Diabetic with kidney issues- help?
I've had Type 1 diabetes for almost 19 years. Since beginning nursing school, my blood glucose levels have been running VERY high (stress-related and hard to adjust for!)
My last A1c was 9.5 and my Micro Albumin level was >300 mg/L, indicating albuminuria. My U-Creatinine level was >139 mg/G (very high), and my GFR was 69.7 mL/min, indicating stage 2 (mild) kidney damage. I'm very concerned, of course. My doctor took me off Lisinopril about a year ago and I'm wondering if going back on it will help the albuminuria....? I do not have high BP. Also, should I be eating a low protein diet? My Total Protein was 7.6 g/dL (normal). Thanks in advance for any advice!!!
Thanks. I've already contacted my Dr., but I just thought I'd check on here to see if any "medical folks" had any advice until my appt.
Does anyone know anything further about whether ACE inhibitors can help reverse this or a low-protein diet?
- Anonymous1 decade agoFavorite Answer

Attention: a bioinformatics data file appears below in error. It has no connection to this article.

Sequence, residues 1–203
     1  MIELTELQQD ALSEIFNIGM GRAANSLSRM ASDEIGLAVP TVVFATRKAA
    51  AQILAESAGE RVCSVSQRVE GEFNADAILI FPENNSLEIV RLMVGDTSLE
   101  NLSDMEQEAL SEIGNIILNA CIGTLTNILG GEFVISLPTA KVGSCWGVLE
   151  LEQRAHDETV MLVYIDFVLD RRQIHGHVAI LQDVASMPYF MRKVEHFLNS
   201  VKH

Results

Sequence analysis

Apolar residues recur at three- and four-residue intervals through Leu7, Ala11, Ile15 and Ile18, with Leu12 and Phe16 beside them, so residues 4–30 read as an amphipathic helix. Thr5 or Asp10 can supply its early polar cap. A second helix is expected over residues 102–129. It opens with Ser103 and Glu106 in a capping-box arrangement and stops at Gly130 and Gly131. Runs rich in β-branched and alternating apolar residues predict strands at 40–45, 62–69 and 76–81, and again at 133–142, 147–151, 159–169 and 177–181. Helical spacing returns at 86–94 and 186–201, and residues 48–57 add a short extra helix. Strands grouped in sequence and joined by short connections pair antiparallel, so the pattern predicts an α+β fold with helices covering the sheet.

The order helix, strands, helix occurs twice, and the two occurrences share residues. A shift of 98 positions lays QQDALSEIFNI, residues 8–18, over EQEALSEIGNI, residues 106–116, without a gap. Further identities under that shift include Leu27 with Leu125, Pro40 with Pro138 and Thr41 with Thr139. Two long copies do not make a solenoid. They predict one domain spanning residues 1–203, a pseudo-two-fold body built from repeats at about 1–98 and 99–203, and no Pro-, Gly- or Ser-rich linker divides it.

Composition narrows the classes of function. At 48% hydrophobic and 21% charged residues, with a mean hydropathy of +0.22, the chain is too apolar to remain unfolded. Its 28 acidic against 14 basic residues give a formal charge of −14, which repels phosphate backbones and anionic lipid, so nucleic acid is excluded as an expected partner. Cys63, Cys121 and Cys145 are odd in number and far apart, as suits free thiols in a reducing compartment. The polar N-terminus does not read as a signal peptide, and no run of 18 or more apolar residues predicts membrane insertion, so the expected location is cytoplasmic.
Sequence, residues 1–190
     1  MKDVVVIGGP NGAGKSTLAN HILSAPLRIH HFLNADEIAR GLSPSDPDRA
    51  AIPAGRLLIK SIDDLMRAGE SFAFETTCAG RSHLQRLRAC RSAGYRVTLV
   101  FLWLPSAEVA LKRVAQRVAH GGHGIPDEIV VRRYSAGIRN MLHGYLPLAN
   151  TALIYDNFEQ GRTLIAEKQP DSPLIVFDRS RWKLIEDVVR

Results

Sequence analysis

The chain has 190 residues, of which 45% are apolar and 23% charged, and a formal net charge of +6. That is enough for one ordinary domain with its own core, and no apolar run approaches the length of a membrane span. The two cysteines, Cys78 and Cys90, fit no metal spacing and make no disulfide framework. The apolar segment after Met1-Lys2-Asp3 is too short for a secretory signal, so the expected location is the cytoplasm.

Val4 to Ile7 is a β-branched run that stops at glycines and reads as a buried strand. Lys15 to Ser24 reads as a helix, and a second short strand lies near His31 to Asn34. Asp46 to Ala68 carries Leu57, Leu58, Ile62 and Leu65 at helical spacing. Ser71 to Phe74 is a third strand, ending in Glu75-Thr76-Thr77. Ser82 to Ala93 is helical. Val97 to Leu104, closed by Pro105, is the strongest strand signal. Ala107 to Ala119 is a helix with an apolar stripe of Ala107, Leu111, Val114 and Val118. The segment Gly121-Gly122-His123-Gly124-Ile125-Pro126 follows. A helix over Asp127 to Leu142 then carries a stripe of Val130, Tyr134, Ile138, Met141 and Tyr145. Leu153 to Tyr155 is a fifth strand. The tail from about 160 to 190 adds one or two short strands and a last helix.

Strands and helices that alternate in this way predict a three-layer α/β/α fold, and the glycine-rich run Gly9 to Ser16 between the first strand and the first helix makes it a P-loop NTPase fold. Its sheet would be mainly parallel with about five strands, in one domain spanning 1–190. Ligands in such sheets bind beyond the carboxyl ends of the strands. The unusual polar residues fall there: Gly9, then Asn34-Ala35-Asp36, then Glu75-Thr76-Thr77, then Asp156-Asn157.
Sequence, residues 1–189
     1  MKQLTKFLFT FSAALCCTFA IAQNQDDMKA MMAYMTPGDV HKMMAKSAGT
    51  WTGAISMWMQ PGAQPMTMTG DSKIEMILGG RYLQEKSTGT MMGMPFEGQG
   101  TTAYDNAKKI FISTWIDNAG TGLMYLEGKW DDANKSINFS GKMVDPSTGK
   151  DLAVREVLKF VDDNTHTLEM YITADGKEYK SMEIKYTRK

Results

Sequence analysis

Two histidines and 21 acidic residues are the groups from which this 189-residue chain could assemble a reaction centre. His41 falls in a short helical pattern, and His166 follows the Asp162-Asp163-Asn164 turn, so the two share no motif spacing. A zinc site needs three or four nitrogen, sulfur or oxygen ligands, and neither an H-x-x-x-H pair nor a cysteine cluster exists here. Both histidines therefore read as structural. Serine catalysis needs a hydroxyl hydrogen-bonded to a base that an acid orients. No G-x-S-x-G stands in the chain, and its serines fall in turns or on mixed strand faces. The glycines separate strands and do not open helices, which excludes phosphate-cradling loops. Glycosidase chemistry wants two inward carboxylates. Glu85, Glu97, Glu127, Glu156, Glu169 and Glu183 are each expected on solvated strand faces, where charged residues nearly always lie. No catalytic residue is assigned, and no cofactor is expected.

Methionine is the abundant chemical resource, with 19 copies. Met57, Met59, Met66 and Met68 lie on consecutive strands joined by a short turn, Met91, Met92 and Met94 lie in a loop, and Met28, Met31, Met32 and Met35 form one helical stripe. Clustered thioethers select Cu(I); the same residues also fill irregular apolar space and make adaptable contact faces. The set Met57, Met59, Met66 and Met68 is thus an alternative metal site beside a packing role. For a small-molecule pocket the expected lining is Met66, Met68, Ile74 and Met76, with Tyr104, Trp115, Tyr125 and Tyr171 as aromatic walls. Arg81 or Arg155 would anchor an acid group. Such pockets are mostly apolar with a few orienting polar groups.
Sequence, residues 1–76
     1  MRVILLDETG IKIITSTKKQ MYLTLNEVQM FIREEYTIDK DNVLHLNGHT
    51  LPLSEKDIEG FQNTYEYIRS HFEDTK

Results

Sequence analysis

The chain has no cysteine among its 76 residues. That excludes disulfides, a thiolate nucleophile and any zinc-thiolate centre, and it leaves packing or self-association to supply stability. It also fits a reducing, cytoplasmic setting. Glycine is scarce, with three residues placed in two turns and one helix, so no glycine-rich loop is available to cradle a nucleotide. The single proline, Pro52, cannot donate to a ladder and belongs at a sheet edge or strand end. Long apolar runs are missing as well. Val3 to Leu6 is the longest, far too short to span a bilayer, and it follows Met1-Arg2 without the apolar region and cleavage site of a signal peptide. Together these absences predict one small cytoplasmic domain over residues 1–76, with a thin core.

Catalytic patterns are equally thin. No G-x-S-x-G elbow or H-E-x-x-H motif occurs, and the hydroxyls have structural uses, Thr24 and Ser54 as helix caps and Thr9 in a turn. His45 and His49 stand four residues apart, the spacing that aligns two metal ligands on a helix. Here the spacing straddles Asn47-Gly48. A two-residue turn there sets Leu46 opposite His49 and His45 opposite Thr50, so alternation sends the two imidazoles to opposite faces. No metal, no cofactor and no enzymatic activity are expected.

You are doing the right thing by seeing your doctor. To answer your question in the meantime, I would limit the amount of protein you consume until your visit.
I have stage three kidney disease and my doctor advises me to limit my daily intake to reduce further damage.
I'm not a doctor, but cutting back on the protein until you are told otherwise won't harm you, and it may help.
Best of luck to you!Source(s): Type 1 for 40 yrs
- Anonymous3 years ago
3Source(s): Kidney Health Solutions http://teres.info/KidneyHealth
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- 1 decade ago
I work in a hospital, and have diabetes also, but I agree having an appointment with a good endocrinologist would be your best bet for good information. You probably know more about the lab values then most of us. I would follow up soon though, not to be an alarmist, but I have been treating a patient in sub-acute rehab for two months now who is awaiting a kidney transplant. Even with frequent dialysis she feels pretty lousy while waiting. I would get seen ASAP.Source(s): just recommending to go to a professional rather than ask on this site, this condition is serious and people who answer may or may not know what they are talking about. Sorry I could not be more helpful.
- RBRNLv 51 decade ago
You really need to consult your health provider. Urine protein is the byproduct of tissue destruction in the body. Whenever an organ has incurred damage this is what happens. Kidneys do fail as a result of diabetes. If you want to live, you need to make some fast changes. Nursing school is extremely stressful, been there, but is it worth your life? Take whatever steps are necessary to nip this in the bud now.Source(s): RN
- 1 decade ago